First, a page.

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Common Loon Notecard



Common Loon (Gavia immer)

The common loon is best known for its haunting calls loud yodels, mournful wails, and wild, maniacal chuckles which fill the air over its breeding lake with a sense of wilderness. Native Americans respected the loon as the spirit of Northern Waters’ Loons breed on forest lakes and slow-moving rivers across the northern U.S. and Canada, preferring to nest on lakes with many islands that have a minimal chance of disturbance. These birds don’t tolerate crowding, and even moderate sized lakes support but one pair. During winter loons are found on salt water along the Pacific, Atlantic and Gulf coasts.

Loons are very awkward on land, because their feet are positioned far back on their bodies. In water however, these large feet are strong and powerful, and can swiftly propel the bird to great depths. The Great Northern Diver has been caught in nets at 240 feet deep! When taking off from the water’s surface the bird needs a long running start, but once airborne it is a swift, powerful flier. Loons cannot take off from land.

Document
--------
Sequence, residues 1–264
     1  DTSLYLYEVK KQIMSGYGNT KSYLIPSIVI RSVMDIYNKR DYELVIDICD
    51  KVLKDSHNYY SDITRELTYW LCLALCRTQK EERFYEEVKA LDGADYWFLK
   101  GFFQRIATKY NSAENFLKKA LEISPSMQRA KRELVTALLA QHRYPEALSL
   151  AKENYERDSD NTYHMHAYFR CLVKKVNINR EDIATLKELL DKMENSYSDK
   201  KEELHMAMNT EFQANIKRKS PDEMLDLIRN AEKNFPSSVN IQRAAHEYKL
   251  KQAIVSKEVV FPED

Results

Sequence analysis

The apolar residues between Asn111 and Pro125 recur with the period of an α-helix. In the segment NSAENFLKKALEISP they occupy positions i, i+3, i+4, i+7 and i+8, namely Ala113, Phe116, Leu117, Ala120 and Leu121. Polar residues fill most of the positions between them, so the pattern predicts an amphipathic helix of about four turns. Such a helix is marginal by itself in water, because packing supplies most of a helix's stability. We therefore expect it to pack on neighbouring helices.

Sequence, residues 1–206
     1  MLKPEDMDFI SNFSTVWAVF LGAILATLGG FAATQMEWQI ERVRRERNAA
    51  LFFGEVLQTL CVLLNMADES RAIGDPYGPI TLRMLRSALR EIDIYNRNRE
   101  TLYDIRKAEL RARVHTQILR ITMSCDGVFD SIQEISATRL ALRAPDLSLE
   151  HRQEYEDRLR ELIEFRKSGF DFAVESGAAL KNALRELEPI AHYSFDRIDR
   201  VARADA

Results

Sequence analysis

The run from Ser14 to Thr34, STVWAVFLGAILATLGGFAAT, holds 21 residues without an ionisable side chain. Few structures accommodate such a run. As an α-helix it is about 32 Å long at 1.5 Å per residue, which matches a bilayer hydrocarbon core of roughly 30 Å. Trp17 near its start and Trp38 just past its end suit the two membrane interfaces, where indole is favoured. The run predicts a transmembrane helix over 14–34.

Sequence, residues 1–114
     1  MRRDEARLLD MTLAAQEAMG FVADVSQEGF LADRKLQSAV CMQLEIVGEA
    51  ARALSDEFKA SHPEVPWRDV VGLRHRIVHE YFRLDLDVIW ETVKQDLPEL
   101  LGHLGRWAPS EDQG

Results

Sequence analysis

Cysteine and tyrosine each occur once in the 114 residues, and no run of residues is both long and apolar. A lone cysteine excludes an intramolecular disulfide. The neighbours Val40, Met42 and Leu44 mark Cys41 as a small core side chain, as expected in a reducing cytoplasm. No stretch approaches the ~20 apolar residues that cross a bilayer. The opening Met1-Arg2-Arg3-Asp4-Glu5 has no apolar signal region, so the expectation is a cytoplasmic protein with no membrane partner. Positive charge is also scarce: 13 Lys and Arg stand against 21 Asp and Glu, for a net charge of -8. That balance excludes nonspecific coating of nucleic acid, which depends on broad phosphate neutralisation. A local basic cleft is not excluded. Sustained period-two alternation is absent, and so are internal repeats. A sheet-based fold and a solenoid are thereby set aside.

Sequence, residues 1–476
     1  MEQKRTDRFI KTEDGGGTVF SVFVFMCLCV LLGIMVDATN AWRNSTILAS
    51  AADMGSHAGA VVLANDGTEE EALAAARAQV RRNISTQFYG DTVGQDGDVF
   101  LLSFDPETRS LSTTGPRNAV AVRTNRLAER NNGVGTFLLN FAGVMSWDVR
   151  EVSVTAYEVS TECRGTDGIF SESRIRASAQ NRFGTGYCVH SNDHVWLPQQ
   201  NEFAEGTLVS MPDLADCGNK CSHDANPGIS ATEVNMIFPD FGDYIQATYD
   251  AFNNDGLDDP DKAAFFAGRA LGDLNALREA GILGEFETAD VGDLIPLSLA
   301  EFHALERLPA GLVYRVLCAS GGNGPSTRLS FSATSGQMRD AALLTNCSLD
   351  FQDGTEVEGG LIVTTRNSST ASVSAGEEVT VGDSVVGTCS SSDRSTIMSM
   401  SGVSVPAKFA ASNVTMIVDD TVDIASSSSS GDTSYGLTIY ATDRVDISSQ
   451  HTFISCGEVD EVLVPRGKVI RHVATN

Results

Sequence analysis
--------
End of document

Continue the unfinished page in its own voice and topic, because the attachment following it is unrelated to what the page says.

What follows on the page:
Although fish constitute their principal food, loons can subsist on a diet of crayfish, amphibians, insects, shellfish and vegetation. Loons feed mainly on fish of minor economic importance, and during most of the year individual loons are so scattered that their impact on fish populations is insignificant.

Loons have few natural enemies, but their populations are threatened in other ways, mainly by humans. The tremendous amount of lakefront development in formerly wild areas has decreased the nesting sites available to loons. Manipulation of water levels may either flood or strand loon nests. Direct disturbance by humans may induce adults to abandon their nests. Pollution and acid rain pose ever-increasing threats. Many northern lakes have become acidified to the point where they no longer support any living organisms. After establishing nests on such lakes, adults are unable to feed their chicks successfully. Contamination of wintering grounds by waste oil and other pollutants has also reduced loon populations. It is up to us to help loons, the most ancient of all living birds, by leaving them unspoiled places to live.

artwork and text by Steve Sierigk (c) 1998